It has been a fascinating read [I've now finished them all] and there is a favourite post or two but I'll keep that to myself.

What I think might be an idea in the long term future is to run a three day festival, say quarterly and invite certain people to post on certain days. No one would know when someone else would appear. Or else everyone would know - it would be scheduled.

But that gets into the Carnival idea which I'm not crazy for as I think the "made to order" post always lacks something unless the blogger is lucky enough to already have the idea half formed in the mind.

I must confess that when I'm asked to guest post, I always fear that I won't do justice to the blogger who invited me. One of our guest posters felt this and Lady MacLeod replied to her, I think correctly:

[Y]ou are a modest woman of excellent manner, however the above statement says more about our judgement than your modesty. I have a touchy trigger on this subject (we all have something), but I was given this lecture when I was quite young - the example being if someone tells you are pretty or smart and you say "No, I'm not." you just called them a liar or a bad judge of what is; how much better to duck your head and just say "Thank you." :-) there I'm done, I feel all better.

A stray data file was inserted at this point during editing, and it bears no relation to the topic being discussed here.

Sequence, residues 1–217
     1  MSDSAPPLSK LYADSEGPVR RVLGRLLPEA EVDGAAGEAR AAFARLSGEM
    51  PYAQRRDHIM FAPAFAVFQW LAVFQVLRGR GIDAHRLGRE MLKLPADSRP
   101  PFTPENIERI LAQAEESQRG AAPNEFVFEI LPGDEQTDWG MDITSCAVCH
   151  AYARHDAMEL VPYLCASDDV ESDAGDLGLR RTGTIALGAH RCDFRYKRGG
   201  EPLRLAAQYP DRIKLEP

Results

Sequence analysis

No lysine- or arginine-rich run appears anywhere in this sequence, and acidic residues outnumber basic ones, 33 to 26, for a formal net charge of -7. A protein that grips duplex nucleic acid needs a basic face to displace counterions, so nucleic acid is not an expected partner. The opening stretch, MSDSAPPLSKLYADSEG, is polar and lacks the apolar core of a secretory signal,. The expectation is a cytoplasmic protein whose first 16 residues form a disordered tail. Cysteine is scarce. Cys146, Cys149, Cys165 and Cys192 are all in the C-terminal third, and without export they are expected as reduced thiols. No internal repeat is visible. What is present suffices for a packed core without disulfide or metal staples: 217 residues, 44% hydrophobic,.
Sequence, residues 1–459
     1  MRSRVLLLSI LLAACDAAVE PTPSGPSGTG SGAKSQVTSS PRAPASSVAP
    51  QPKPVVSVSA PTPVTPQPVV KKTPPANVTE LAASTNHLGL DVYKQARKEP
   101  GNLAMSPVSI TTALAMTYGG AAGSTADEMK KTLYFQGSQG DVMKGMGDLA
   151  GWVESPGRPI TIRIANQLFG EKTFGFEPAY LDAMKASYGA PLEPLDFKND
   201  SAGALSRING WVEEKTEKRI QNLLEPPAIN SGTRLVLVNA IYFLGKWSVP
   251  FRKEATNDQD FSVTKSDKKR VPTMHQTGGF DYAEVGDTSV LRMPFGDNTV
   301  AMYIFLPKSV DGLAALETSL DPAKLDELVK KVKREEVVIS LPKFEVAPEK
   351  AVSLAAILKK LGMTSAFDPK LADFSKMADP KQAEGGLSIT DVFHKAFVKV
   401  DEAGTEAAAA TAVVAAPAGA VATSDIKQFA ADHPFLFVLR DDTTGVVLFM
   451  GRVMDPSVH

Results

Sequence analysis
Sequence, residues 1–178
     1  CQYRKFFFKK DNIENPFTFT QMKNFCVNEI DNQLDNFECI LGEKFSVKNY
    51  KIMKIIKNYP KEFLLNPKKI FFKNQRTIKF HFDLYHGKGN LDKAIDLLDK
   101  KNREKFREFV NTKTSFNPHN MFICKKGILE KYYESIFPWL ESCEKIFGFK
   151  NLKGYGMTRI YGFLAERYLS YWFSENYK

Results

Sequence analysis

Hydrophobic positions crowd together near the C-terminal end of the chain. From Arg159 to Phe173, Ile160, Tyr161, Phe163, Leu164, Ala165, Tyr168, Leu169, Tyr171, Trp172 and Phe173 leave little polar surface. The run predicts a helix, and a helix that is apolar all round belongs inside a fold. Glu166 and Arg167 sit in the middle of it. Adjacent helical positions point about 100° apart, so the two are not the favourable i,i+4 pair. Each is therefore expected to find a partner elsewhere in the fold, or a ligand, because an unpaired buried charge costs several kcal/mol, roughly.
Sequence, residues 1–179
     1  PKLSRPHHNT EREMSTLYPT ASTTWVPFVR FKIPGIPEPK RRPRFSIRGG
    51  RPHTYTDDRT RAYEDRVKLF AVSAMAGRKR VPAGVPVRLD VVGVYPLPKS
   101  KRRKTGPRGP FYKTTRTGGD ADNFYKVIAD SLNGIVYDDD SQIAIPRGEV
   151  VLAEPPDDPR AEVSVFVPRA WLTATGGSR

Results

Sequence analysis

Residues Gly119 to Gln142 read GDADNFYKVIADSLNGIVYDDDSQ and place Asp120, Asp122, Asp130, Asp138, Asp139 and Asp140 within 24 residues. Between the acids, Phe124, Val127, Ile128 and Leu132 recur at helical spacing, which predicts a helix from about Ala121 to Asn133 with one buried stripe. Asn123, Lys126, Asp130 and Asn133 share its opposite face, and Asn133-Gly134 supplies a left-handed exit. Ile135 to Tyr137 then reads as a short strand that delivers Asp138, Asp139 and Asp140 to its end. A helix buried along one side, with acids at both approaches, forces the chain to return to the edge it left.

Now as to this EXCELLENT post m'lady……

I see guest posters as putting up pieces they might not normally get around to on their own blogs but the most important thing is that they must be left free to post virtually whatever material they wish.

Awards madness continues

Anyway, to those who posted from the 18th to the 29th inclusive and also to former guest posters, for you is this little award from me if you'd like to have it. Many, many thanks. Now there's one condition attached to copying and pasting the award - you must NOT embed a link directly to my blog but rather to your own guest post.

Similarly, for those who contributed more than one comment during this time, this award is for you and along with it also go my thanks.

Silent invisible readers

MyBlogLog clearly shows [haven't checked Sitemeter yet] that many people came in many times just to read and to you - if you'd like to use the second award also, I'd deem it an honour.

If you're interested, these were the stats I had up to Tiberius' problems with the words "aisle":

Guest Posters

L'Ombre [4]

Westminster Wisdom [3]

Shades of Grey [3]

The Last Ditch [2]

Sicily Scene [2]

Adelaide Green Porridge Cafe [2]

The Cityunslicker

Nobody Important [2]

Buckeye Thoughts [2]

Devil's Kitchen

Ruthie Zaftig

Flying Rodent

Lord Nazh


Fabian Tassano

Imagined Community


Welshcakes Limoncello [14]

lady macleod [7]

jmb [6]

Matt [5]

Colin Campbell [5]

mutleythedog [4]

Delicolor [4]

Mr Eugenides [3]

Ruthie [3]

FlyingRodent [2]